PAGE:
Check this out: In addition to the Rankings themselves, the Robert Wood Johnson Foundation has produced an interactive calculator app that explores the relationship between education and health in any county nationwide. The calculator lets you raise and lower the education rate or average income in a county, and see how the change would be predicted to affect mortality. For instance: if adults in Wyandotte, Kansas – where 39% have some college education – had the same education levels as the top county in the state – Johnson at 78% -- more than one out of three deaths (38%) could be averted per year.
A form of progesterone known as 17P was used for years to reduce the risk of preterm birth. . . Because no companies marketed the drug, women obtained it cheaply from “compounding” pharmacies, which produced individual batches for them [at about $20 each]. Doctors and regulators had long worried about the purity and consistency of the drug and were pleased when KV won FDA’s imprimatur for a well-studied version, which the company is selling as Makena.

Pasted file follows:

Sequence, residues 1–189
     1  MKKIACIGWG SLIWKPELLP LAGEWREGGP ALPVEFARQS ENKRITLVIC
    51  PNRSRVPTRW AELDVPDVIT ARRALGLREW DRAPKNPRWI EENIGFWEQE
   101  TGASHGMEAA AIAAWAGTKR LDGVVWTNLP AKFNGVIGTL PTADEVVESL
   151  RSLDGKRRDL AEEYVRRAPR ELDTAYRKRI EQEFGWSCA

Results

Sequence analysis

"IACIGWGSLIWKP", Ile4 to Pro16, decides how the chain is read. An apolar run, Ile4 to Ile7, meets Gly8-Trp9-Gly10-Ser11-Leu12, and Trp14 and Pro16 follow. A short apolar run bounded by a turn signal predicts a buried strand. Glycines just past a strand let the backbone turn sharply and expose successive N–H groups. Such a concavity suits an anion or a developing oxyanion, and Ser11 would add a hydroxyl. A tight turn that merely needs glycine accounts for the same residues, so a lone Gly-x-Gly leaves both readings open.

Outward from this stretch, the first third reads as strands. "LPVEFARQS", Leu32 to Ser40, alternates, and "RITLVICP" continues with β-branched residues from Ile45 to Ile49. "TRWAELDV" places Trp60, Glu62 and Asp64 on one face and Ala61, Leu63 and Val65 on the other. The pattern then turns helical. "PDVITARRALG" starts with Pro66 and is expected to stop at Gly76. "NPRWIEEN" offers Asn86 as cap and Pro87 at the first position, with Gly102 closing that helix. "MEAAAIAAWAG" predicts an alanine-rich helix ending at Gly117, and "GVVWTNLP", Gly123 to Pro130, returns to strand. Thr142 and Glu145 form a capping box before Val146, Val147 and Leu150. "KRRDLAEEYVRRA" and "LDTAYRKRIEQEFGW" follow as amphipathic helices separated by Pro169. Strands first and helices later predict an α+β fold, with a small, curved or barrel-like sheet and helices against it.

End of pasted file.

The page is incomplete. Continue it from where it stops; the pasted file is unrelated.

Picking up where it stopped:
The list price for the drug, Makena, turned out to be a stunning $1,500 per dose. That’s for a drug that must be injected every week for about 20 weeks, meaning it will cost about $30,000 per at-risk pregnancy. . . . The approval of Makena gave the company seven years of exclusive rights, and KV immediately fired off letters to compounding pharmacies, warning that they could no longer sell their versions of drug.
A day after Stein’s article appeared, the FDA made it clear that “does not intend to take enforcement action against pharmacies that compound” 17P, “in order to support access to this important drug, at this time and under this unique situation.”
This is a fascinating, and in some ways, troubling response to the accusations of price-gouging by KV. Compounding pharmacists had already averred that “many of [KV's] assertions that the compounding of an FDA approved product is prohibited are not supported by the legal citations it references.” Though the FDA’s letter preserves access to 17P for now, that access could be revoked at any time. As the FDA states on its website: